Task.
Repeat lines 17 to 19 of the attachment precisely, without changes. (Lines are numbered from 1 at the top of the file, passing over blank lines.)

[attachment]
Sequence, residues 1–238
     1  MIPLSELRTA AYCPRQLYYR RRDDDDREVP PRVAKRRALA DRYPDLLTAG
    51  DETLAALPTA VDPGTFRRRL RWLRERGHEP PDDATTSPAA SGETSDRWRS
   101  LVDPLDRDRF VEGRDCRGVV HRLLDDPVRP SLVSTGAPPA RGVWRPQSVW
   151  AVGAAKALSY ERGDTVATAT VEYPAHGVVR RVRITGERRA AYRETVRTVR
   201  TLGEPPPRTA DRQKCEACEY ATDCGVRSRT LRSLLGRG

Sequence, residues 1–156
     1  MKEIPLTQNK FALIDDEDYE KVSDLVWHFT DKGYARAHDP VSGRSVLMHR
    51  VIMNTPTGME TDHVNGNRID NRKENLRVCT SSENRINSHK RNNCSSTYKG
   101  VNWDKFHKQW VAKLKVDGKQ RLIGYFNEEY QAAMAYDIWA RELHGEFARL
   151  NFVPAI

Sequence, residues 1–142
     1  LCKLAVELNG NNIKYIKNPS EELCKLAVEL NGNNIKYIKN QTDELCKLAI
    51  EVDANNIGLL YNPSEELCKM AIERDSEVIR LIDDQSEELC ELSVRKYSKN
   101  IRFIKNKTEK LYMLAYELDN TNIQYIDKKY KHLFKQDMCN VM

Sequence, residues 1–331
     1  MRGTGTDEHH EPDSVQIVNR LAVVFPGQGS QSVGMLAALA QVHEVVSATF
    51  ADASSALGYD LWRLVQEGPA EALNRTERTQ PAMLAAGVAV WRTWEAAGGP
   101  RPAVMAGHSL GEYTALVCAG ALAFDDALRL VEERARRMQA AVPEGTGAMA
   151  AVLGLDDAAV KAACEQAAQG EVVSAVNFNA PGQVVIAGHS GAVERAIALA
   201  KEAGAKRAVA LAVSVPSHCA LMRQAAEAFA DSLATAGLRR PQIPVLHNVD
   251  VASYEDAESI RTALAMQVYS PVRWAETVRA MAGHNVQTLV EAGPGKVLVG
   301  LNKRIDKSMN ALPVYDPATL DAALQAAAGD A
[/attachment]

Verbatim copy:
     1  MRGTGTDEHH EPDSVQIVNR LAVVFPGQGS QSVGMLAALA QVHEVVSATF
    51  ADASSALGYD LWRLVQEGPA EALNRTERTQ PAMLAAGVAV WRTWEAAGGP
   101  RPAVMAGHSL GEYTALVCAG ALAFDDALRL VEERARRMQA AVPEGTGAMA